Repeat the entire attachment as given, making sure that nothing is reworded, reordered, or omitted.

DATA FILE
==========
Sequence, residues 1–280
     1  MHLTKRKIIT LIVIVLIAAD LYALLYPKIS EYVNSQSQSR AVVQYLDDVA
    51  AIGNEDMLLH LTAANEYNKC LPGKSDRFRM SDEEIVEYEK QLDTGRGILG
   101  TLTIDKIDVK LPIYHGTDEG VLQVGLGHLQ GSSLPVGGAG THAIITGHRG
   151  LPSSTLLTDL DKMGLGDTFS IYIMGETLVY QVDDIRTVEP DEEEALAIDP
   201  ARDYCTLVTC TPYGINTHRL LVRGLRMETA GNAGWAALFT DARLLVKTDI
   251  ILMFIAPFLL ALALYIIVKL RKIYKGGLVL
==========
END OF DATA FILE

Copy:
Sequence, residues 1–280
     1  MHLTKRKIIT LIVIVLIAAD LYALLYPKIS EYVNSQSQSR AVVQYLDDVA
    51  AIGNEDMLLH LTAANEYNKC LPGKSDRFRM SDEEIVEYEK QLDTGRGILG
   101  TLTIDKIDVK LPIYHGTDEG VLQVGLGHLQ GSSLPVGGAG THAIITGHRG
   151  LPSSTLLTDL DKMGLGDTFS IYIMGETLVY QVDDIRTVEP DEEEALAIDP
   201  ARDYCTLVTC TPYGINTHRL LVRGLRMETA GNAGWAALFT DARLLVKTDI
   251  ILMFIAPFLL ALALYIIVKL RKIYKGGLVL